Bhakti Yoga: a spiritual practice
Bhakti Yoga is a Hindu spiritual practice. It means love or devotion to the Divine. It is a process of cultivating unconditional love in the body. Modern interpretation may refer to the Divine or God as the Beloved, the Self, Source or Spirit. There are various ways to cultivate love in the body and we shall explore these below.
Bhakti Yoga: the origins
Bhakti Yoga is one of the three main paths of salvation as mentioned in the Hindu Holy book the Bhagavad Gita.
The other two paths are:
- Karma Yoga or Path of Action (karma);
- Jnana Yoga or Path of Knowledge (jnana).
The word Bhakti comes from the Sanskrit “bhaj” which means worship and “yoga” meaning union. Bhakti Yoga is union through devotion and most importantly, love.
How does it work?
Bhakti Yoga, a devotional practice of self-love and outward way of giving love, can be practiced and interpreted in a variety of ways. Although this element of yoga is not as well known as asana practice, it has grown in popularity over the last few years.
As with all of yoga, to gain the most benefit, practice must be rigorous and consistent, however, many practitioners report feelings of well being from small tweaks and additions of bhakti to their daily routines.
You can express your love and devotion in a variety of ways including singing, mantra, chanting, burning candles, saying prayers or making requests to the universe and thus connecting with source energy. It is important to remember that bhakti is an intensely individual experience, so should not be limited to prescribed practices.
Rusty Wells founder of Bhakti Flow Yoga, explains Bhakti as the following:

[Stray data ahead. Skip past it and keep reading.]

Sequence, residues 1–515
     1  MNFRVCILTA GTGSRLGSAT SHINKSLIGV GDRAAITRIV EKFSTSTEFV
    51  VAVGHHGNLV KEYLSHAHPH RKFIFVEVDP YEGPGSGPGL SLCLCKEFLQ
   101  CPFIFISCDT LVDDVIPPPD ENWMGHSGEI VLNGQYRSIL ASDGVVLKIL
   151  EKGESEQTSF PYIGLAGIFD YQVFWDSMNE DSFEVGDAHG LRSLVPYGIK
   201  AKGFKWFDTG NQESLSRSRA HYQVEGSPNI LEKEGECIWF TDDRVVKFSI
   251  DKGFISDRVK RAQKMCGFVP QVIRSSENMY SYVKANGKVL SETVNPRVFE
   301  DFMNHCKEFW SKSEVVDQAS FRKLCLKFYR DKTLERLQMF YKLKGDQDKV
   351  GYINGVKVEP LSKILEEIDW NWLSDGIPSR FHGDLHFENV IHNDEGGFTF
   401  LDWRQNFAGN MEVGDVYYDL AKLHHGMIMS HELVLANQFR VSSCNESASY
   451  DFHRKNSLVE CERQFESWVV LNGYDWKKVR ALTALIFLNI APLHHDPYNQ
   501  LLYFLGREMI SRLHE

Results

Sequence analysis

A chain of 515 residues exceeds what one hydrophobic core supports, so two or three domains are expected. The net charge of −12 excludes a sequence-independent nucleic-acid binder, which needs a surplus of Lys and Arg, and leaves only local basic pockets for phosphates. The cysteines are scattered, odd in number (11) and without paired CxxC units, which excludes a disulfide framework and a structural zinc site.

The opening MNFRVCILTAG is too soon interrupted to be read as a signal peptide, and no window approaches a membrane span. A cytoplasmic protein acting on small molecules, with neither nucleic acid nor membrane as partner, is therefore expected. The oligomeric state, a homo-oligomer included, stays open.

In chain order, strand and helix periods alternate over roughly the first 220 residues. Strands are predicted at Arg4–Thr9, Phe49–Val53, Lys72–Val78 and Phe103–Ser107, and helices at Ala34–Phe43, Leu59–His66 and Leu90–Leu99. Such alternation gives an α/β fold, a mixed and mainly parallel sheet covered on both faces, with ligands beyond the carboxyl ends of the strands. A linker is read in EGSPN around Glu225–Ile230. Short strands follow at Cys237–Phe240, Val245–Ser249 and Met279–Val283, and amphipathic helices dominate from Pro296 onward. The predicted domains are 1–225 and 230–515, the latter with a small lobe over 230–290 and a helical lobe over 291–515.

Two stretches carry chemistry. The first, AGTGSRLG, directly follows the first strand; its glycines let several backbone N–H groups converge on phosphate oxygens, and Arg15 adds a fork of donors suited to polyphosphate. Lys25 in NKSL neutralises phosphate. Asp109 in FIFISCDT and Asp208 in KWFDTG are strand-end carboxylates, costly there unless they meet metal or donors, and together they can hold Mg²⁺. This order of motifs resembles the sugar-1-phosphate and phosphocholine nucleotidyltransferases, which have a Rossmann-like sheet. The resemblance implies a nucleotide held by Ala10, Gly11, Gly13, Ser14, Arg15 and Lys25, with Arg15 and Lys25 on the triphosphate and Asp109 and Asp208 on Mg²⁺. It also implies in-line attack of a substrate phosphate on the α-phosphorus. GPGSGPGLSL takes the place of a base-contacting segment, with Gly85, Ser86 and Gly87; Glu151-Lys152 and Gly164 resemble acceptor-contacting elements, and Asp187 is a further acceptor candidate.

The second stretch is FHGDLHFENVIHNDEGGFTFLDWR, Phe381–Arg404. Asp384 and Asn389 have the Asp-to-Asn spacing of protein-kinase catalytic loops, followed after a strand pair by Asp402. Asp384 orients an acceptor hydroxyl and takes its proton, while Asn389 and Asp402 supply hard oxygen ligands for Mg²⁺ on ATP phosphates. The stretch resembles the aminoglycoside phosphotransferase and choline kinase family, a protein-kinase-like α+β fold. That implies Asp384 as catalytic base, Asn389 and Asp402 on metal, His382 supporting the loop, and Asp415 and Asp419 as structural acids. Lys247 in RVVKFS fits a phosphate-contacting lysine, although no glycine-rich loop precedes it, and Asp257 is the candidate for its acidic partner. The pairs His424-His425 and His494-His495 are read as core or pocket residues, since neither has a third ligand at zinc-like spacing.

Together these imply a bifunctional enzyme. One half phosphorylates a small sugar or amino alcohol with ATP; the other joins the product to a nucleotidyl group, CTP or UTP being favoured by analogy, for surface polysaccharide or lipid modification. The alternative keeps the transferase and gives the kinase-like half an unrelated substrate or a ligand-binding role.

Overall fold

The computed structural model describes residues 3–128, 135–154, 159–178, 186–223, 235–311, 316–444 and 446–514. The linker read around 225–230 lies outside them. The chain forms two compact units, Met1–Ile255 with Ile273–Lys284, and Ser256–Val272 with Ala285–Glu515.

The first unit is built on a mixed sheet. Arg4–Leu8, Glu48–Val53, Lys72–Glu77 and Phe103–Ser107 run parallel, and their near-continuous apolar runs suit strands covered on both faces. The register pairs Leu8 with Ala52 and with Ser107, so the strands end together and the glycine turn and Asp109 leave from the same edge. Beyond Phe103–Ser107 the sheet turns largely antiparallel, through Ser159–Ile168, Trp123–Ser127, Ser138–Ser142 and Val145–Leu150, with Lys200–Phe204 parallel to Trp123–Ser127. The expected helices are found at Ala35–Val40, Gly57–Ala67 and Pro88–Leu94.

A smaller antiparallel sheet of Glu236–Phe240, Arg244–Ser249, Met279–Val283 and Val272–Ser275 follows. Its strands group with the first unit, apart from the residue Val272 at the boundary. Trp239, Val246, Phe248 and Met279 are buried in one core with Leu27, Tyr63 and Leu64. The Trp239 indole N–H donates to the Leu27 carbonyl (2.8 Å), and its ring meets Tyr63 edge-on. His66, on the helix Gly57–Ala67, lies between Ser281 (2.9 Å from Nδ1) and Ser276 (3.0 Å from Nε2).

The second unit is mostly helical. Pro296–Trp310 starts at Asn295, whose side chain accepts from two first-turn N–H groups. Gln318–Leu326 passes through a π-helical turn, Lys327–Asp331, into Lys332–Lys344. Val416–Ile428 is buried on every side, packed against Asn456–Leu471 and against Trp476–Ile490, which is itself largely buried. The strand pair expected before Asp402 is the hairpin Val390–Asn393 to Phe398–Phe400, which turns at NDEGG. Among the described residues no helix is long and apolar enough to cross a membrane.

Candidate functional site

“Some people fall madly in love with different aspects of nature; for others, it’s a way of dancing or speaking poetically. It can look like so many different things. I don’t try to determine what that is for somebody, but just by teaching from that place of love inside me, my hope is that people feel welcome to find that place inside themselves.”
One of the most common expressions of Bhakti is through Kirtan.
Kirtan is a form of devotional singing or chanting. Traditionally the various Sanskrit names for God are repeated over and over with a guru leading the chants. It is said that through this chanting, one can connect with generations of worshippers throughout time and space.
Through kirtan, as through meditation, we can let go of all the rules imposed by society, we can relax and we can expand our minds and see beyond our human form, ultimately reaching a higher state of pure consciousness.
Modern devotion certainly does not need to centre on God. In fact some gurus suggest thinking of those in need or even someone who needs your forgiveness. It is also possible to focus on yourself too and fall in love with yourself. The possibilities are endless. There is no right or wrong, just love.
Bhakti Yoga, although very different to the yoga you may see in gyms and studios, still holds the same significance as a route to a happier and more aware life. It promotes love and peace, both with oneself and the outside world.
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